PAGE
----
What is a ring of fire eclipse? Here’s what you should know
An annular solar eclipse, also known as a ‘ring of fire’ eclipse, will pass over the United States on Saturday, Oct. 14. Here’s what makes this phenomenon so special
By now, you’ve likely heard about the “ring of fire” solar eclipse heading for the United States on Oct. 14. But what exactly is a “ring of fire,” or annular eclipse, and what makes it so special? Here’s a rundown of the basics.
What is a ring of fire eclipse?
In a total eclipse, the moon is close enough to Earth that it completely blocks the sun. “Ring of fire” is a nickname given to an annular solar eclipse, an eclipse in which the moon does not completely overlap the sun and therefore leaves a ring of visible sunlight around the moon’s shadow.
The moon travels on an elliptical path, meaning it orbits the earth in an oval shape rather than a perfect circle. Because of this, the moon’s distance from earth fluctuates. When the moon is at its closest to the earth, it is approximately 225,623 miles away, according to NASA. At its furthest, it is 252,088 miles away — a difference of 26,465 miles.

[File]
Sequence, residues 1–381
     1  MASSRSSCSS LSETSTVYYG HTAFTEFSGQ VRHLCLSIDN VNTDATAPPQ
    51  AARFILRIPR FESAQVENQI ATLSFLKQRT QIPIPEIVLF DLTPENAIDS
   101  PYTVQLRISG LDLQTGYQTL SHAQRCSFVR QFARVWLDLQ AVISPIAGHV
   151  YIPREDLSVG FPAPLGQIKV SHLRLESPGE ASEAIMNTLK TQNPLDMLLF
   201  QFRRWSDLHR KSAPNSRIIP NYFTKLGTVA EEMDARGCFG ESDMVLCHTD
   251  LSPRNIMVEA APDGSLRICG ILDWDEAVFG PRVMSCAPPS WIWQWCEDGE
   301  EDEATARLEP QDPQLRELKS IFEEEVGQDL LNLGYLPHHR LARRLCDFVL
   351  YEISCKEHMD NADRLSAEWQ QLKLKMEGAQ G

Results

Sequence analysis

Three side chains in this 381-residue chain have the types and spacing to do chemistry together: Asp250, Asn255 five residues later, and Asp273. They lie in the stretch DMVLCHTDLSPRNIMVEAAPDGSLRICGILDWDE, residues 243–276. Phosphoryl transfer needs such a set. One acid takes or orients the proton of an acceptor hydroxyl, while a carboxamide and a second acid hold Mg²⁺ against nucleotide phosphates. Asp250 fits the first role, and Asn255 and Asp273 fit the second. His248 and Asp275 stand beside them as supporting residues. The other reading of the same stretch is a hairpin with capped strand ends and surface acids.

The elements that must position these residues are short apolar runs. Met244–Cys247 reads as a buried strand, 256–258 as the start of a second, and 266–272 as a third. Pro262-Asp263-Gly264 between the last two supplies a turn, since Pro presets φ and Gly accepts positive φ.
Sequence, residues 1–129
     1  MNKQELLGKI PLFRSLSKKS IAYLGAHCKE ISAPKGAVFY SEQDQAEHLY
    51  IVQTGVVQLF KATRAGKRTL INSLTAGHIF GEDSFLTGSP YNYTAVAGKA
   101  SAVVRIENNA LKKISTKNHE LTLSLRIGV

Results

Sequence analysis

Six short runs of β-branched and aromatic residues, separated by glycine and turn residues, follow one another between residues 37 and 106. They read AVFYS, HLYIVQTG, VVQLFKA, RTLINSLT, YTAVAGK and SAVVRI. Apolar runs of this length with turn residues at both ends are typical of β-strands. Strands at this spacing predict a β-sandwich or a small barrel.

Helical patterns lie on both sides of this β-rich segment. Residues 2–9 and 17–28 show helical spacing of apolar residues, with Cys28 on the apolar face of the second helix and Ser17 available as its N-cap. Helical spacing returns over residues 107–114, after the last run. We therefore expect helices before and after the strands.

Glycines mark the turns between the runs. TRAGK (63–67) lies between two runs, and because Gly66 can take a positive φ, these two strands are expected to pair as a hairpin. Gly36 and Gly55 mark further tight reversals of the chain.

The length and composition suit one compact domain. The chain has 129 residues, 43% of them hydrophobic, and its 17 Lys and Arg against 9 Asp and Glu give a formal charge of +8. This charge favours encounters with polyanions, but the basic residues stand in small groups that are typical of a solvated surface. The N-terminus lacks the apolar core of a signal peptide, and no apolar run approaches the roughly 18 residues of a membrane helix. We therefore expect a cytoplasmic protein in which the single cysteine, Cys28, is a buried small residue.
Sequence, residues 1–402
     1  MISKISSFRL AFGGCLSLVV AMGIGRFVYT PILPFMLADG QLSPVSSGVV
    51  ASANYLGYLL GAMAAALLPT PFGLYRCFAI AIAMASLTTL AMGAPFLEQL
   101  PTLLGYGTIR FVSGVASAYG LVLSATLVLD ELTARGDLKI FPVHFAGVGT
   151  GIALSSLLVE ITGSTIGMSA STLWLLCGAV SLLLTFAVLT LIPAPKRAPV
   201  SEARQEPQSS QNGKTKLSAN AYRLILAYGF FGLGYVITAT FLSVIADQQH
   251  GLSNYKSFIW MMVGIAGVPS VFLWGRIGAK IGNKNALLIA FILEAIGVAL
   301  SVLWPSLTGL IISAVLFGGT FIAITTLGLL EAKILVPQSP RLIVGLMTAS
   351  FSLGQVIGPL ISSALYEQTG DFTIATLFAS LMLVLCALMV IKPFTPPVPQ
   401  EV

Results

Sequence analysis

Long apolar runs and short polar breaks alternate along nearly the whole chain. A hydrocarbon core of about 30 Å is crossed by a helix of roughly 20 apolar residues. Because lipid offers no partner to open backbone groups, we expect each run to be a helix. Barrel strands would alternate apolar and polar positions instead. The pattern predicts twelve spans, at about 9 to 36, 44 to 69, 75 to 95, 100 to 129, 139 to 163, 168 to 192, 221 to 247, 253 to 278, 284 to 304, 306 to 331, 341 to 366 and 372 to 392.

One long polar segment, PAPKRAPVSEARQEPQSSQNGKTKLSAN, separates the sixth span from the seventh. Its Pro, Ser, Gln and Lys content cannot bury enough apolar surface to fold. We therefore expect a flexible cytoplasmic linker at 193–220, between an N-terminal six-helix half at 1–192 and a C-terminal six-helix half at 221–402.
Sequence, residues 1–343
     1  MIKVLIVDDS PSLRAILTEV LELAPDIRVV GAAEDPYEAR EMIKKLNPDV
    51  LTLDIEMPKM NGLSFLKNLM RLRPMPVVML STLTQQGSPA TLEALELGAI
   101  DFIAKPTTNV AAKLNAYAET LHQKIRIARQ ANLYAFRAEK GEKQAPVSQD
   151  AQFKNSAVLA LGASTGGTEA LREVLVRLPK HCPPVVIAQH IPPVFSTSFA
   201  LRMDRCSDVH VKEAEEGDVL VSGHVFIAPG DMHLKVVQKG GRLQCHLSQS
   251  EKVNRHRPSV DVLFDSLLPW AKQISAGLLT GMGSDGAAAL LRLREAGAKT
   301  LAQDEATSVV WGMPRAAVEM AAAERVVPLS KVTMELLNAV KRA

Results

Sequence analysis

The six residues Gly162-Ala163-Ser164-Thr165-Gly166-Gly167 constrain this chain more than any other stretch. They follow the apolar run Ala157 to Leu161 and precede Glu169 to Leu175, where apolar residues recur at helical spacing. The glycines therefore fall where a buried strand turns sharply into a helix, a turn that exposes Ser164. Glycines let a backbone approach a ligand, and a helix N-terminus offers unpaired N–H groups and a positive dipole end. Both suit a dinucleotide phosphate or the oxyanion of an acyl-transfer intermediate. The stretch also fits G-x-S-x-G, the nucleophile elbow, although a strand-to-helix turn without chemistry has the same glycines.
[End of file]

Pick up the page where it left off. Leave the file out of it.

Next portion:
At the time of the 2023 ring of fire eclipse, the moon will be near its furthest point from earth and will appear slightly smaller than the sun.
How rare is a ring of fire eclipse?
The last time an annular solar eclipse crossed the United States was May 20, 2012, per the Great American Eclipse, and the next won’t happen for at least another 10 years. On April 8, 2024, those in parts of the northeastern United States will be able to see a total solar eclipse.
How long will the 2023 ring of fire eclipse last?
Saturday’s eclipse will only be visible at certain points on a path from Oregon to Brazil. For those within that path, the actual event will only last four to five minutes, according to Space.com. However, a partial solar eclipse will be visible for about an hour and a half before and after the peak event, giving eclipse watchers a window of almost three hours.
The eclipse will first be visible from land at 9:13 a.m. local time on the coast of Oregon, according to NASA’s Eclipse Explorer tracker. It will first be visible in western Utah around 10:24 a.m. local time and will last be visible from the United States at 12:03 p.m. local time in Texas.
The eclipse will continue through Central and South America before ending at sundown off the coast of Brazil in the Atlantic Ocean.